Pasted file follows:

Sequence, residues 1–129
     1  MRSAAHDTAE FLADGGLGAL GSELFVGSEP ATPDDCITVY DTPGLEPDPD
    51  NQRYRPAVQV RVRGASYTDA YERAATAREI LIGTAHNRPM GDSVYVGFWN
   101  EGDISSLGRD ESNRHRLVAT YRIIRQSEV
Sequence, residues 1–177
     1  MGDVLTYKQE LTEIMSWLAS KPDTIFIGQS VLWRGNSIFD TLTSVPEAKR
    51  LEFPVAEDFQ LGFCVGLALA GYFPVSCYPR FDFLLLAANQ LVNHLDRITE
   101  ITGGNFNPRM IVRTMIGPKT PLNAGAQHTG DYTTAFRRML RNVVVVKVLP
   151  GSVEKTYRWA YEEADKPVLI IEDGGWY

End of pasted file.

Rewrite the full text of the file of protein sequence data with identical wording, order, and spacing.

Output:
Sequence, residues 1–129
     1  MRSAAHDTAE FLADGGLGAL GSELFVGSEP ATPDDCITVY DTPGLEPDPD
    51  NQRYRPAVQV RVRGASYTDA YERAATAREI LIGTAHNRPM GDSVYVGFWN
   101  EGDISSLGRD ESNRHRLVAT YRIIRQSEV
Sequence, residues 1–177
     1  MGDVLTYKQE LTEIMSWLAS KPDTIFIGQS VLWRGNSIFD TLTSVPEAKR
    51  LEFPVAEDFQ LGFCVGLALA GYFPVSCYPR FDFLLLAANQ LVNHLDRITE
   101  ITGGNFNPRM IVRTMIGPKT PLNAGAQHTG DYTTAFRRML RNVVVVKVLP
   151  GSVEKTYRWA YEEADKPVLI IEDGGWY